Obtaining or creating stem cell cultures is one thing, but making them do what you want once you have them? That can be a challenge.
In new research at the University of Washington, scientists were able to engineer specialized yeast cells that could communicate through a plant hormone called Auxin. These cells were then able to influence each other's behaviour, 'talking' to each other through the hormone and regulating expression of an implanted, green jellyfish gene.
"This project was to find out whether we could use auxin to make the cells talk to each other in a really simple way," said Dr. Klavins. "We're not sending complicated messages yet. One cell is saying 'hello?' and the other cell says 'I can hear you.' Eventually they'll say 'I'm this kind of cell. What are you? Let's work together.' But for now it's pretty much 'hi.'"
The project is only a beginning, but because auxin is a plant hormone human cells don't respond to it. This could provide safer control and minimise adverse reactions, as only engineered cells would respond. Understanding more about how cells communicate properly at each step of organ formation is key to progress in growing them.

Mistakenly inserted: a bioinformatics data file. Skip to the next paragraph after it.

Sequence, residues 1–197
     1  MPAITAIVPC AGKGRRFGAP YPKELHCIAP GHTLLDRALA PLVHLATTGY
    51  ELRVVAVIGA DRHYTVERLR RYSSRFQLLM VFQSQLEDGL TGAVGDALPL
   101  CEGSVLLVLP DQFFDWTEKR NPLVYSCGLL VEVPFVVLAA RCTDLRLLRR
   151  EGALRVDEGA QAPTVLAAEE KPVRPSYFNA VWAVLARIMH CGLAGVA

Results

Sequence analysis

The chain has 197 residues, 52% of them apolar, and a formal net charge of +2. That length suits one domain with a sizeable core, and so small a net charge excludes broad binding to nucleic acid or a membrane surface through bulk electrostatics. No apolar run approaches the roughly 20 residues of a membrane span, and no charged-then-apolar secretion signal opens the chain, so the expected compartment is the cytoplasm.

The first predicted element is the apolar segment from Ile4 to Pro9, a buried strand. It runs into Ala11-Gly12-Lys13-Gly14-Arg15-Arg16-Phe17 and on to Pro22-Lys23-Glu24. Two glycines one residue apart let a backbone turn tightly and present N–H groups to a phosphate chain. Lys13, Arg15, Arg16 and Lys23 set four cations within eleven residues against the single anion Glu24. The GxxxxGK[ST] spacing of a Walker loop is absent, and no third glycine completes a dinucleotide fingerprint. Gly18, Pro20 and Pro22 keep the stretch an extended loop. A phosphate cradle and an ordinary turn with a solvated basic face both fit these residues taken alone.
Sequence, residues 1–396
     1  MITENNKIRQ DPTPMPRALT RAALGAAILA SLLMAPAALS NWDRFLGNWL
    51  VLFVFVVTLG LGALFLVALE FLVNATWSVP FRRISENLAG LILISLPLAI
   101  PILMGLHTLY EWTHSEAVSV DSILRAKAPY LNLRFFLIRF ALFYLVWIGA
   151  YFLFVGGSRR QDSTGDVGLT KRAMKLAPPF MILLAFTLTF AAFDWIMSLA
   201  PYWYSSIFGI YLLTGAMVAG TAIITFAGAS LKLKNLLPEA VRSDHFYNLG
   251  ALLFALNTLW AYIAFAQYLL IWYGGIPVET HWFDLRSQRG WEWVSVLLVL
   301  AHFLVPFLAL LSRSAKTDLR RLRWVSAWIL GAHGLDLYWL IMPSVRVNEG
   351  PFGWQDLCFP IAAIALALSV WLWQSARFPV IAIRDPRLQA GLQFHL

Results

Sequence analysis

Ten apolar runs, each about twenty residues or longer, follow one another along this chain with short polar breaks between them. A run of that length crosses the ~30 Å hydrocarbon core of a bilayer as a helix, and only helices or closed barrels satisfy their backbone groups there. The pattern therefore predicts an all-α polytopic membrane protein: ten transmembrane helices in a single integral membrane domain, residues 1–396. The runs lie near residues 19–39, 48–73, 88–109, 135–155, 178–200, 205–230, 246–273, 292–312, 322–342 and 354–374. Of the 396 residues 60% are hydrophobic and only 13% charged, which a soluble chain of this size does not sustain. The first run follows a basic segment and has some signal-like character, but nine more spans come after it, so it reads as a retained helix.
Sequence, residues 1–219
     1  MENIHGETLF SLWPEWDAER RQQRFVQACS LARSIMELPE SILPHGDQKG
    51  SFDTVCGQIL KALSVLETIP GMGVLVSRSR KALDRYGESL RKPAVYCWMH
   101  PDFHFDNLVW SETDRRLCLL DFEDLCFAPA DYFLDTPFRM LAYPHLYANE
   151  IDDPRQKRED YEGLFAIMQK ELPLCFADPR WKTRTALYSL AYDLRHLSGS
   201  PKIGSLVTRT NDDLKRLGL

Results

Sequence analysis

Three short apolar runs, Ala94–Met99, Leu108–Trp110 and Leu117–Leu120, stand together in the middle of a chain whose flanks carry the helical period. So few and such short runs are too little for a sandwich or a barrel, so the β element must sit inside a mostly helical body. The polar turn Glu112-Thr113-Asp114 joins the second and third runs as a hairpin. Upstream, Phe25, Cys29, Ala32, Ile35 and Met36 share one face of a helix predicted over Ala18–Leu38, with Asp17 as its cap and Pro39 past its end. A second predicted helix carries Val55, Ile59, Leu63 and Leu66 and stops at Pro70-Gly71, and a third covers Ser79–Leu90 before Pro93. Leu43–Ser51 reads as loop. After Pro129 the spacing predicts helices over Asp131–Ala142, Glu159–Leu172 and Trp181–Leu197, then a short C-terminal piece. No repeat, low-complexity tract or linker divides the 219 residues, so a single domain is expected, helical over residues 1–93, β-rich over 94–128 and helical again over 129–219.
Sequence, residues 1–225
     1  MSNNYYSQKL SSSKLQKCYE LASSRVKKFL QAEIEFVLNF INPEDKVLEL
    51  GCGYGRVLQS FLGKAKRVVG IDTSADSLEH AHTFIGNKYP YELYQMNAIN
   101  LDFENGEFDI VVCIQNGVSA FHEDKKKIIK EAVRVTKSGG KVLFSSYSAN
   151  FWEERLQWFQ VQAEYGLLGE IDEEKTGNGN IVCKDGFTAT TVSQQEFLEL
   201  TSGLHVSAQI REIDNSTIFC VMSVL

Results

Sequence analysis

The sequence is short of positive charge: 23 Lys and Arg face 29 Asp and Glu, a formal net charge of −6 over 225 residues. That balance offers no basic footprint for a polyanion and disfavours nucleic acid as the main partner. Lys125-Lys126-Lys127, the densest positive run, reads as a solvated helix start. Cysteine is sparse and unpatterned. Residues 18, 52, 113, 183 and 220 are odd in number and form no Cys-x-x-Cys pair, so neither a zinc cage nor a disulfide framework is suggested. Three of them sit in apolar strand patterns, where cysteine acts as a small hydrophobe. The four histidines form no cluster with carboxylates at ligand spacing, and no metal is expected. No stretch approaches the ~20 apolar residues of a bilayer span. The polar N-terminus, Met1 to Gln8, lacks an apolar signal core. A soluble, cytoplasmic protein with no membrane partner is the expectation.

"If you ask someone in computer science what they can do with a programming language, they'll laugh and say they can do anything with it," said Dr. Klavins. "If we can figure out the programming language of life, we can do anything that life does, except in a more controllable, reliable way."
Read more at Genetic Engineering News